Over the next few days, I filled my allotted exhibit space and wrote a speech I was asked to give at the reception. The day of the reception came, and people trickled in. I walked around gathering what strength I could. After a few hours, the show director got everyone’s attention and I was in the spotlight. I took a few deep breaths and started my speech. The consensus was that the reception was a success, and the director received a lot of positive feedback about my speech in particular.

Maybe it was because I held nothing back: I spoke about my past in full bloom. I told them about the suicide attempt, the hospitalizations and the medications. I shared true stories about the works hung before them. I expressed how none of my successes would have been possible without the many people who helped me along the way. I told them who I am—who I really am.

My name is Steven. My diagnoses are schizophrenia, PTSD and generalized anxiety disorder. But I am not my diagnoses.

I am an artist. I am a human. I am.

 

Steven Wilson is an artist who works in visual and written form. His work has been seen in over 20 exhibitions. He is on the NAMI Jefferson City Board of Directors and is a member of the Missouri Writers’ Guild. Steven also orchestrated a booth for NAMI Jefferson City at Project Homeless in Jefferson City, which enables those less fortunate to gather information about NAMI and its programs. Visit him at www.stevenwilsonart.weebly.com

 

Note:
This piece is a reprint from the Fall 2016 Advocate

Your support helps us publish stories like Steven's—​
consider becoming a NAMI member or donating today.

 
Comments
Theresa
Thank you for your bravery, openness, and gift to the world of art. My daughter is 28 and has schizophrenia, rapid cycling bipolar with psychotic features, PTSD and generalized anxietydisorders. So often do I feel alone in my battle to help her and my 2 grandkids. Her first symptoms began when she was 11 and forceably removed from home and school. It was all a nightmare, the mental health system has taken many steps backwards so I am happy to learn it's moving it the right direction for now. Thank you again ... she still canno get the help she needs but tries her best to fight. My deepest darkest fear is I will looseither her. My only child. I worry about her kids 6 & 9. But each day is new and each day brings hope. I applauded you for sharing your story and hope that one day, my daughter, who is also artistic and creative can do what's she wants with her talents.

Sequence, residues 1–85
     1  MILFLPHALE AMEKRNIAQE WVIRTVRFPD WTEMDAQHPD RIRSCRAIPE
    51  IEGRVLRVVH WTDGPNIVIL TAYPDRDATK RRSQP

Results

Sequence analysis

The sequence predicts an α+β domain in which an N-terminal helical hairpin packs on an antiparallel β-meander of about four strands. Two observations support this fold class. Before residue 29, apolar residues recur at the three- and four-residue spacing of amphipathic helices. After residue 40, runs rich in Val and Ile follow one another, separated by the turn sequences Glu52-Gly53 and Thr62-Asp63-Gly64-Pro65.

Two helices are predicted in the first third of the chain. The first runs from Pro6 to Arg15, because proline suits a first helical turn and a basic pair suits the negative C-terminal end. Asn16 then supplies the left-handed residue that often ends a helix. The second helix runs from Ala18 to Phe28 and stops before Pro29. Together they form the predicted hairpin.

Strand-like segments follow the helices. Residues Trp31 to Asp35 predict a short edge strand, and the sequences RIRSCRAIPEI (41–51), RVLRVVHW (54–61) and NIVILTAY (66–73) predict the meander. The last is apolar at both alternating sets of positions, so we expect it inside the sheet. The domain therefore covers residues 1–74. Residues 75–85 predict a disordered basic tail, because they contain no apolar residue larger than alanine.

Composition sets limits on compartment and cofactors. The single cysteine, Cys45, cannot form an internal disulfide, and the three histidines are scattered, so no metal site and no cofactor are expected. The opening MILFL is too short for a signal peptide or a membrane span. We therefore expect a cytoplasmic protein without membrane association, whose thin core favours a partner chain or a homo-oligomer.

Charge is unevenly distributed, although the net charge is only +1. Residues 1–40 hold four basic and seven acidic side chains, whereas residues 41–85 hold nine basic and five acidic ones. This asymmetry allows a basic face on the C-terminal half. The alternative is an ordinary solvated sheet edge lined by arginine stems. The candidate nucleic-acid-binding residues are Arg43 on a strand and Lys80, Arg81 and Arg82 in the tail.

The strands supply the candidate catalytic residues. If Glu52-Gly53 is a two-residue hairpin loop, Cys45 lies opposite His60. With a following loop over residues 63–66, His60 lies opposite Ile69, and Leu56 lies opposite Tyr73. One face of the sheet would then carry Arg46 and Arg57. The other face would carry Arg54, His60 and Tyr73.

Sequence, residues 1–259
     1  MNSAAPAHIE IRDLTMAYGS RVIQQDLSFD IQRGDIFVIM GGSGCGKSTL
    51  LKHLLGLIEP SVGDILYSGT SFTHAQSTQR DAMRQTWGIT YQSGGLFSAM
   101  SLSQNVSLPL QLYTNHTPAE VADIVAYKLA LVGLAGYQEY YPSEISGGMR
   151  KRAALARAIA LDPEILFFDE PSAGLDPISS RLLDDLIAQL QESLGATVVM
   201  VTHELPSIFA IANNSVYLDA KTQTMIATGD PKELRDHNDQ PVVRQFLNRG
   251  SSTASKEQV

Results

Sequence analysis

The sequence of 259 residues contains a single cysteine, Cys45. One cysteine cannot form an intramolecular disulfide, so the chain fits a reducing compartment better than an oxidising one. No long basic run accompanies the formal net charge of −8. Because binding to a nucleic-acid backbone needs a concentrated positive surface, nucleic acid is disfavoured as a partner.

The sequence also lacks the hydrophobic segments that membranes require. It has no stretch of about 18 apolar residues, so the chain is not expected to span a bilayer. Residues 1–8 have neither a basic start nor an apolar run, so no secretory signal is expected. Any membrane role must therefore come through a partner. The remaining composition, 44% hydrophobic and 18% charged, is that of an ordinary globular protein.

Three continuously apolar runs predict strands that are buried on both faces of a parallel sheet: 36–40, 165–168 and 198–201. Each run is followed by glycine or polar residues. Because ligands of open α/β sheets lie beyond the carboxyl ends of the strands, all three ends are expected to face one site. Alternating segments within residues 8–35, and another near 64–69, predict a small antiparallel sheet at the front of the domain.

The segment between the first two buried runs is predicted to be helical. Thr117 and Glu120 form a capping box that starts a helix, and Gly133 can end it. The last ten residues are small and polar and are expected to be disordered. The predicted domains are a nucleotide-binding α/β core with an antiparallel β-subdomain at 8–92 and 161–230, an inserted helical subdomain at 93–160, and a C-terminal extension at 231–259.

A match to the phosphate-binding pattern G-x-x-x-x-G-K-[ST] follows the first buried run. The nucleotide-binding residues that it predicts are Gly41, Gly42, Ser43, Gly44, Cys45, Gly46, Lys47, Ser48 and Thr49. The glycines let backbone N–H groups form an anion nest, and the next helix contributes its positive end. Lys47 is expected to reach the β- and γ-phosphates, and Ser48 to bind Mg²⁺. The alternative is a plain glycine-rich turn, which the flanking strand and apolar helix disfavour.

12/29/2016 2:53:29 PM

Sephora
I recently had my first psychotic break. I thought people were out to kill me. I lost 15lbs in two weeks. Attempted suicide. I am mother of three. Wife. Business owner. Facing life's down time I broke mentally. It's real. It happens. The weeks before my suicide attempt I called the police for help, went to the hospital where I was put in a room untreated and released several times. Turned away because of inadequate staff....not seeing a physician. And ultimately attempted suicide because I was so scared and depressed. I called for help. Now on meds and facing my mental illness I am overwhelmed, but reading that others suffer the same is giving me hope and makes me feel not alone. I am painting again too for the first time in a year. Meds are giving me my life back. Thank you for sharing. Sephora.
12/28/2016 11:23:38 PM

Amanda
Thank you for sharing your story. It is very inspiring and unique. Continue to display your talents.
12/27/2016 4:48:50 PM

jrose22
thank you for sharing your story. my mother has schizophrenia but refuses treatment.
12/25/2016 3:49:11 AM

Donna
Thank you. For my son, who is forever 29. He did not make it. He died 10 years ago. This New Years Eve would have been his 40th birthday.
12/23/2016 11:06:07 PM

Tammy
GOD BLESS you Steven Wilson. thank you for sharing your story and your art. Beautiful!!!!
Our pain, someone else'gain
12/23/2016 3:16:56 PM

Subscribe
 Security code